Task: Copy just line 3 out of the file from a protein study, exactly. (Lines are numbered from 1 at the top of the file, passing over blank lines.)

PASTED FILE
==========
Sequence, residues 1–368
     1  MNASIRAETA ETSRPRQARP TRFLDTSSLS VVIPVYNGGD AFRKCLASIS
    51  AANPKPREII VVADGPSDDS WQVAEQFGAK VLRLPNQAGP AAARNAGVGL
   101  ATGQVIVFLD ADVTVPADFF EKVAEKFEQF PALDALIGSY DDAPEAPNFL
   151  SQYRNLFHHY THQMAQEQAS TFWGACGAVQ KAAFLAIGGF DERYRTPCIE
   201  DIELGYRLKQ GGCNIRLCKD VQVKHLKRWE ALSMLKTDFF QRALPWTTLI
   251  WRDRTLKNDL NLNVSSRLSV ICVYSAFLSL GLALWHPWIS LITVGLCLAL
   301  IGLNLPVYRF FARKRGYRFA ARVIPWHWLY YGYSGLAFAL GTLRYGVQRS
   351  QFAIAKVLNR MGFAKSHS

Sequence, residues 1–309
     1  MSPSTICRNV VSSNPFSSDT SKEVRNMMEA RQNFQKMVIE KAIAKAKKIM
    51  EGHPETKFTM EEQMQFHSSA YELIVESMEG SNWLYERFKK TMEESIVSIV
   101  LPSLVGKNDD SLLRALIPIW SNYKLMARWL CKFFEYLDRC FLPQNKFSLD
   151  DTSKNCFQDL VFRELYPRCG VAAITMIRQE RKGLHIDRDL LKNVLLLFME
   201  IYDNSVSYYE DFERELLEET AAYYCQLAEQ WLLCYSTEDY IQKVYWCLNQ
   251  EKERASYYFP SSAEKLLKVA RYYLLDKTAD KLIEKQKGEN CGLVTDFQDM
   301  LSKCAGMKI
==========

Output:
    51  AANPKPREII VVADGPSDDS WQVAEQFGAK VLRLPNQAGP AAARNAGVGL